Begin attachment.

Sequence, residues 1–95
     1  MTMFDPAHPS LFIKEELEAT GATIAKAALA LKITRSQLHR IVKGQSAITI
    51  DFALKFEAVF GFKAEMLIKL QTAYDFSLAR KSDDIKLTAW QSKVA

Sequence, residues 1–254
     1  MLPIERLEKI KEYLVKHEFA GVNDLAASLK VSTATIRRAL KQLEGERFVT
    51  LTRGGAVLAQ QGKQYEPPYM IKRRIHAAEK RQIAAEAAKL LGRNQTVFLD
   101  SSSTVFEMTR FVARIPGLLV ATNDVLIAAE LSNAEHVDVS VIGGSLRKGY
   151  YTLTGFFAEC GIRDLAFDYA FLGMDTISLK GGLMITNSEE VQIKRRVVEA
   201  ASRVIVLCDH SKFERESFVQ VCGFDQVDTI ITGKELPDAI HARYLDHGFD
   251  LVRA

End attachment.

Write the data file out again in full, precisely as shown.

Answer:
Sequence, residues 1–95
     1  MTMFDPAHPS LFIKEELEAT GATIAKAALA LKITRSQLHR IVKGQSAITI
    51  DFALKFEAVF GFKAEMLIKL QTAYDFSLAR KSDDIKLTAW QSKVA

Sequence, residues 1–254
     1  MLPIERLEKI KEYLVKHEFA GVNDLAASLK VSTATIRRAL KQLEGERFVT
    51  LTRGGAVLAQ QGKQYEPPYM IKRRIHAAEK RQIAAEAAKL LGRNQTVFLD
   101  SSSTVFEMTR FVARIPGLLV ATNDVLIAAE LSNAEHVDVS VIGGSLRKGY
   151  YTLTGFFAEC GIRDLAFDYA FLGMDTISLK GGLMITNSEE VQIKRRVVEA
   201  ASRVIVLCDH SKFERESFVQ VCGFDQVDTI ITGKELPDAI HARYLDHGFD
   251  LVRA